Canada is right to challenge Sri Lanka over its lack of progress in human rights and its inability to meaningfully reconcile with its Tamil community.
Pressure Sri Lanka on political reforms
Sri Lanka is gearing up to play host to the Commonwealth Heads of Government Meeting in November. The privilege represents an important opportunity for the country to boost its prestige and international recognition. But the question in some capitals is this: does Sri Lanka deserve the honour?
Last week Canadian foreign minister John Baird, whose nation is one of the 54 members of the Commonwealth, said it was "appalling that Sri Lanka would be taking on a leadership role in the Commonwealth". Mr Baird cited as reason Sri Lanka's lack of progress on human rights and judicial independence, and its inability to "meaningfully reconcile" with its Tamil community.
While Mr Baird might be guilty of being undiplomatic, his concerns are certainly worth considering.
Even though Sri Lanka emerged from the 26-year civil war in 2009 - a war that killed tens of thousands of people - it has neither much to show for progress, nor has it made any effort to accept accountability for how that war was fought and finished. Sri Lanka has an obligation to do both.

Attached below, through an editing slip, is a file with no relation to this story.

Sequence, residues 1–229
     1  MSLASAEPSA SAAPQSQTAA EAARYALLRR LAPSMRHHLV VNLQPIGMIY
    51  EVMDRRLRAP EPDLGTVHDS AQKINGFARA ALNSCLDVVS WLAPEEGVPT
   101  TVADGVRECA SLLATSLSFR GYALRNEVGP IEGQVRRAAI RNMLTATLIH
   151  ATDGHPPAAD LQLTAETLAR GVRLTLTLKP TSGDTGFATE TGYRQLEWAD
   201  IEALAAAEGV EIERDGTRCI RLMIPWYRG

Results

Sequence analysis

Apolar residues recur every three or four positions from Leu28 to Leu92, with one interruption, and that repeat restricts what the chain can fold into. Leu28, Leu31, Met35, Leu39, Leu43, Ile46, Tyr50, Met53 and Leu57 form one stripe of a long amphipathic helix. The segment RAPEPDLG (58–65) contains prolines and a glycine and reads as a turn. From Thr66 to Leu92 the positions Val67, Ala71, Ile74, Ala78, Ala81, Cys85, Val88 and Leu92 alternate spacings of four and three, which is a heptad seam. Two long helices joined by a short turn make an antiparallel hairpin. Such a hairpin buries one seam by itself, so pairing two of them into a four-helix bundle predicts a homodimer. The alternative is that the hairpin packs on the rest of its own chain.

Raising these concerns more discreetly than Canada's foreign minister was his counterpart in Bangladesh, Dr Dipu Moni, who told the BBC he was urging his friend "to take all necessary steps to fulfil accountability" in the post-civil war era. This, we assume, includes investigating war crimes to beginning a process of national reconciliation. Failure to do so would mean that the underlying grievances that led to a quarter-century of war would remain unresolved.
Unfortunately, leaders in Colombo appear uninterested in action. Human Rights Watch recently alleged that the situation was worsening with the government accelerating its authoritarian turn and cracking down on basic freedoms. Corruption also remains rampant. Last year, Sri Lanka ranked 79th out of 176 countries in Transparency International's Global Corruption Perception Index. Taken together, these trends threaten to derail any hope of lasting peace and stability that the end of war once promised.
Commonwealth countries are committed to promoting human rights and democratic values in member nations. Canada is right to challenge Colombo on these issues. Other members, especially regional power India, may also want to apply similar pressure.